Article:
The 100 Year Project: When nurses built an Israeli Nation

Tuesday, Mar 13 2018

Prof. Freda DeKeyser Ganz, PhD, RN, Coordinator of Research and Development and Head of the Doctoral Program at the Henrietta Szold Hebrew University – Hadassah School of Nursing

Hadassah Hospital Nurses celebrate Centennial with U.S Tour
As a part of the 100th Anniversary Celebration of the Hadassah School of Nursing, Prof. Freda DeKeyser Ganz, PhD, RN, Coordinator of Research and Development and Head of the Doctoral Program at the Henrietta Szold Hebrew University – Hadassah School of Nursing, has been touring the United States and talking about the crucial role of Hadassah nurses in the development of the State of Israel, the Israeli medical system, and why nursing is still such an innovative and vital component of the Hadassah Medical Center.

Prof. DeKeyser Ganz (in photo above) tells her audiences that Henrietta Szold, the founder of Hadassah, had travelled to pre-state Israel in 1909, and saw first-hand the high infant and maternal mortality rates as well as the terrible public health conditions that were impacting the health and welfare of children living in Jerusalem and elsewhere. In response, Hadassah was founded in 1912, and by 1913 the Hadassah members had raised enough money to send two nurses to Jerusalem to start to tackle the problem.

However, Ms. Szold realized that sending temporary doctors and nurses for relatively short periods was not providing a sustainable solution to the problem. What was needed was many local residents who understood the culture and language of the community, and could take care of their patients regularly. Her solution was to train nurses.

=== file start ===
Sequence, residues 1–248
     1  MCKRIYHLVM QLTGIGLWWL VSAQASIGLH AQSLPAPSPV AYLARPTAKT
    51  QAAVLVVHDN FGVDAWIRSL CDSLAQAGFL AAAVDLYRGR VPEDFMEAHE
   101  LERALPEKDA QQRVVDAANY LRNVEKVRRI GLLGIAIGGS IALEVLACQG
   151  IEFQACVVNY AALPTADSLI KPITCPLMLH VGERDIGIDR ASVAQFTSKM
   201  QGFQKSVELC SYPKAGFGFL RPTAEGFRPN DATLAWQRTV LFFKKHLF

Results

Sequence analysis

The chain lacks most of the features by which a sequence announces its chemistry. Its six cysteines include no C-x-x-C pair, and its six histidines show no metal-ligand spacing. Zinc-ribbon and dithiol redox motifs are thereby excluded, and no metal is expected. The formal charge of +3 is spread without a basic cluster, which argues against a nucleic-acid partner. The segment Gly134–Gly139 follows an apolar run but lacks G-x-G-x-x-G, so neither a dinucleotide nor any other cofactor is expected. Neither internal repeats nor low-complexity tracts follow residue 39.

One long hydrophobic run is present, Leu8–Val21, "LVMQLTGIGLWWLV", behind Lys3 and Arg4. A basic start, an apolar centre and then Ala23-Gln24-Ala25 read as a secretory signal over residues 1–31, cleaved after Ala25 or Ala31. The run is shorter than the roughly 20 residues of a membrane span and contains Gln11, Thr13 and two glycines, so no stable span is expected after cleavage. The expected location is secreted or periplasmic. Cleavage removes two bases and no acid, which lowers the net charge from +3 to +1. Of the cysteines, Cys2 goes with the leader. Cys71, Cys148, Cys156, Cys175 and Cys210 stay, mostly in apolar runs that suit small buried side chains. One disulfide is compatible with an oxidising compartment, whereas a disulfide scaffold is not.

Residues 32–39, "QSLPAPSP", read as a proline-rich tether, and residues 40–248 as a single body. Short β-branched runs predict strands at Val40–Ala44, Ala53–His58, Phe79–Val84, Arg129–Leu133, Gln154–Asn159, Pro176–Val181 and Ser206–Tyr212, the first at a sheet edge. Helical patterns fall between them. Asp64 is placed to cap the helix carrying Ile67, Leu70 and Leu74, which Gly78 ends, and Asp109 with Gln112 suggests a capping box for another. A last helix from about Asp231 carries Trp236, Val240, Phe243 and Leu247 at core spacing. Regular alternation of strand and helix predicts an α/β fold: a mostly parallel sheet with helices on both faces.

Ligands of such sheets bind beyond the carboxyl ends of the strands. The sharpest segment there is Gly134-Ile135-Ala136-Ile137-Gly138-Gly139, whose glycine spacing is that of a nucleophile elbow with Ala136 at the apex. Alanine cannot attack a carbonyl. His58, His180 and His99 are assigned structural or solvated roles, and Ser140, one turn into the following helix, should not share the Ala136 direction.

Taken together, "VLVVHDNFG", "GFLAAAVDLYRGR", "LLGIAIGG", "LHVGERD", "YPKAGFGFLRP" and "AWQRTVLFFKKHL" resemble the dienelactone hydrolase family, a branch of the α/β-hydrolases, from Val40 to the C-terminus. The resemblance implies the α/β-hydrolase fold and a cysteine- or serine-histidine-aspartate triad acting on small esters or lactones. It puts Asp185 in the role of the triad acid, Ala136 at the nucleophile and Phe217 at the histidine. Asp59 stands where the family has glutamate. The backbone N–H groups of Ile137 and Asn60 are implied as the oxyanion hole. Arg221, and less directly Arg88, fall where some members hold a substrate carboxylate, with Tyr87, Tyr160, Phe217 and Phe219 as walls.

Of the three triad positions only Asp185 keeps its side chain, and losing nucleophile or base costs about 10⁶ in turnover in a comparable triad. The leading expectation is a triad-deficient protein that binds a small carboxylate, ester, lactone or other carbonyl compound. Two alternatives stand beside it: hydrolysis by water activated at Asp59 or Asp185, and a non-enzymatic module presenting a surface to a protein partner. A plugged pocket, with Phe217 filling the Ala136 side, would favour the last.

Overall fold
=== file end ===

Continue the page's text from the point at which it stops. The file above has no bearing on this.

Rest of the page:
In 1918, Hadassah opened the first school of nursing in Jerusalem. (Until 1936, it was the only school of nursing in pre-state Israel). There were 400 applicants for the 40 positions offered, and about 20 students completed the course and became registered nurses.

At the time nurses around the world were regarded as handmaidens, who simply implemented the doctor’s orders. It was a revolutionary concept for nurses to receive extensive training, to take initiative, and to make decisions about their patients care. Hadassah made sure that their nurses received the best training. Nursing flourished, leading to less disease in both the Arab and Jewish populations and the development of the medical infra-structure of Israel.

This year marks 70 years since the establishment of the State of Israel, and today Israel is listed as one of the 30 most stable economies in the world. One of the crucial factors in this is the outstanding Health Care system in Israel, which was founded by Hadassah before the state was even formed. Nurses were the starting point for this health care.

From Dream to Innovation:
The Hadassah Nursing School is on the cutting edge of teaching and healing, introducing new programs as needed to serve the population of Israel.

When special nursing courses were needed to help to absorb an immigrant group, programs were created to make sure that the new immigrants could become nurses. Today there are special courses for immigrants from Ethiopia.

Prof. DeKeyser Ganz tells her audiences that in 2001 Hadassah introduced a Clinical Master’s Degree Program in Nursing—the only one in Israel until September 2017. In 2009, Nurse practitioners became legal in Israel.

In 2016, Hadassah started a doctoral program for nurses so that they could do research, submit a thesis, and receive their PhD.

Today Hadassah nurses do their own original research. Some of the research topics have included Coumadin dosage for heart failure patients; Sexuality in the Ultra-Orthodox community; Urinary incontinence; Pain control in children; and Car seat belts.

Hadassah student nurses in the Master’s Program have a tremendous impact, treating about 30,000 patients a year.

Who is a Hadassah Nurse?
Currently about 13% of nurses in Israel are male.
Politics is not an issue, and there are both Jewish and Arab nurses in the Hadassah Hospital.  It makes no difference as everyone is equal and everyone treats both Jewish and Arab patients. About 50% of the undergraduate nursing student body are Arab.

Hadassah nurses help to build bridges to peace.

Learn more about the Hadassah Medical Organization.


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